Most people come to the Recoleta neighborhood to explore the cemetery, but the area around the cemetery is a good place to explore as well. Recoleta is one of the wealthiest areas of Buenos Aires and has many points of interest.
I started at Paseo Chabuca Granda, a plaza opening at the end of Calle Junín. In the center is a huge rubber tree that has sprawling branches held up by several supports. It was one of the more interesting features of the plaza, including a few monuments.
On one end of the plaza is the Basílica Nuestra Señora del Pilar, a church completed in 1732. It has a small museum in the old cloisters displaying priceless ecclesiastical art. Admission was ARG$8.
Next to the church is the Centro Cultural Recoleta, a cultural center located in a building complex completed in 1732. It was originally used by the Franciscans. There are usually art exhibitions inside.
On the other end there are a few restaurants catering to tourists. One of them is Café La Biela, a place made famous by race car drivers. I popped inside to check it out but wasn’t impressed with the atmosphere.
A path leading down the hill from Paseo Chabuca Granda goes through Plaza Intendente Torcuato de Alvear. At the bottom of the hill across the street is a monument to Carlos María de Alvear. There are also great views of the buildings that are part of Centro Cultural Recoleta.
Behind the monument to Carlos María de Alvear is the Palais de Glace. It was built in 1910 as an ice skating rink, but it proved to be unpopular. It later turned into an important tango ballroom and then an art gallery. It’s revered by Porteños (citizens of Buenos Aires) for its contribution to tango.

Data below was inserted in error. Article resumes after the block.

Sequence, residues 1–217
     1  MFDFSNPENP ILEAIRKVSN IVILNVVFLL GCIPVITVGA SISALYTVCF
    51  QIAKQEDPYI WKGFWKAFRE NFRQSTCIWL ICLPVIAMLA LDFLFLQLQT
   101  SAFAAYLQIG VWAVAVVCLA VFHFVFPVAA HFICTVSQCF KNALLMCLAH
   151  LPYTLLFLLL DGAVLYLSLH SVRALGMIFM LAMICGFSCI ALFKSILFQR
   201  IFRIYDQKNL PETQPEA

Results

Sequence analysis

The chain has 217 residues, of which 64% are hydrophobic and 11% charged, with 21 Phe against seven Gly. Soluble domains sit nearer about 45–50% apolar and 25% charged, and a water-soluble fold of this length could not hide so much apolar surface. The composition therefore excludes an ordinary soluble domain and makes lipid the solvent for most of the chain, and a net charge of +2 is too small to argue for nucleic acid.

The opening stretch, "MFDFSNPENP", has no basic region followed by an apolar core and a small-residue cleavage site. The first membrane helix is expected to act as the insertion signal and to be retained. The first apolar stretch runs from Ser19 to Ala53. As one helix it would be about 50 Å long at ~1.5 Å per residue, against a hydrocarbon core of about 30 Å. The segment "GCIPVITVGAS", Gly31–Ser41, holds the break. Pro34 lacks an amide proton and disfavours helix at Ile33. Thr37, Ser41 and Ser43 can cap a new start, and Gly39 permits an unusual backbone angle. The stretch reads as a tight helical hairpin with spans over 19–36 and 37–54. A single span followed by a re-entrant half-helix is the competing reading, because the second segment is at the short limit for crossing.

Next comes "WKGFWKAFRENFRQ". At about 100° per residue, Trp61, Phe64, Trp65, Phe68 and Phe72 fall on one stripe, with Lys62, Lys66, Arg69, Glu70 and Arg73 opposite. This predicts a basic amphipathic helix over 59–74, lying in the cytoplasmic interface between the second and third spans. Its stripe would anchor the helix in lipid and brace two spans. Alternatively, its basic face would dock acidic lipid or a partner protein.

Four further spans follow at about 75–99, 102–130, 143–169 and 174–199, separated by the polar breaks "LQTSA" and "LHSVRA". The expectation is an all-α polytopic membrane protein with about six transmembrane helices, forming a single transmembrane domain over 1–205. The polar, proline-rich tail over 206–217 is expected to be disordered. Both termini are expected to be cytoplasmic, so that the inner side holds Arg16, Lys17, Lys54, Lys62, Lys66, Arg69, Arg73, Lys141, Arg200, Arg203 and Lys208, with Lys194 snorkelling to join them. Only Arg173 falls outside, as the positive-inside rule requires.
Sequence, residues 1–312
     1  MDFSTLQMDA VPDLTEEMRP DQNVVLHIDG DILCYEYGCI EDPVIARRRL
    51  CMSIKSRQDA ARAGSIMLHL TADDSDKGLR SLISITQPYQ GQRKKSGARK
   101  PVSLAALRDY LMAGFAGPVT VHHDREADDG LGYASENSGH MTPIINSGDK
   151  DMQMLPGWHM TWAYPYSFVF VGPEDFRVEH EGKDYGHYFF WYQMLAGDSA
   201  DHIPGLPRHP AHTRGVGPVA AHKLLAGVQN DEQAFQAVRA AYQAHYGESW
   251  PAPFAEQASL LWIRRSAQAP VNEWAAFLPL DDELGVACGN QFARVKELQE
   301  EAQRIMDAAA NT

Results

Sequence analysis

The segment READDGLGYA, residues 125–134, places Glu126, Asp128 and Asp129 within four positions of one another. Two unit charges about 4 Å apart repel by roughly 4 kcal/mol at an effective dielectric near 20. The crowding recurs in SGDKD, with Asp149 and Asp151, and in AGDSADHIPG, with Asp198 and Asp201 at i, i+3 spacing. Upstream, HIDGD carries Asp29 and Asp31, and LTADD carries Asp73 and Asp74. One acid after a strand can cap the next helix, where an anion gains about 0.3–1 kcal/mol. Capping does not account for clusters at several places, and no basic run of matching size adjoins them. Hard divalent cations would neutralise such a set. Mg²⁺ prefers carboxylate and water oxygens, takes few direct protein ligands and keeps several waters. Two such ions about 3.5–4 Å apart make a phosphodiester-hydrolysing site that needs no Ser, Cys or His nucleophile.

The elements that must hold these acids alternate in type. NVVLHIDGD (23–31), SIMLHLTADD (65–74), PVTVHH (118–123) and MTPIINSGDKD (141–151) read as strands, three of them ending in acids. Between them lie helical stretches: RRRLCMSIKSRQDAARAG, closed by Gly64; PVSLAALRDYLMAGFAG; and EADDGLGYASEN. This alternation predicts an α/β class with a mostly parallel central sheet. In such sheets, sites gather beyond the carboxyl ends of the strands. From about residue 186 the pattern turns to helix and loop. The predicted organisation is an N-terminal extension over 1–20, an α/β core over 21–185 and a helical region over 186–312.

A short walk from the Palais de Glace is the Museo Nacional de Bellas Artes (National Museum of Fine Arts). It was built in 1870 as a waterworks facility and became the museum in 1932.
There are several plazas in the area, but across from the museum are three small plazas. The first is Plaza Francia. A monument donated by France to Argentina in 1910 stands in the center.
The second is Plaza Mitre. Here, you can find an impressive monument to Bartolomé Mitre erected in 1927. Mitre was president of Argentina from 1862-1868.
And the third is Plaza Evita, with a monument to Eva Perón. It was erected in 1999.
Behind Plaza Evita is a monstrosity of architecture, the Biblioteca Nacional (National Library). It was designed in the 1960s but didn’t open until 1992. As ugly as it is, it shouldn’t be underestimated – it has one of the biggest and most important literary collections in the Americas.
Finally, on the street behind the Museo Nacional de Bellas Artes are two more points of interest. The building is Facultad de Derecho – Universidad de Buenos Aires, a law school built in 1945.
Next to it is the Plaza de las Naciones Unidas (United Nations Plaza). In the middle of the plaza is a steel and aluminum sculpture, Floralis Genérica. It represents all flowers native to Argentina. It used to open in the morning and close at night, but it’s currently broken and the government doesn’t have enough money to fix it.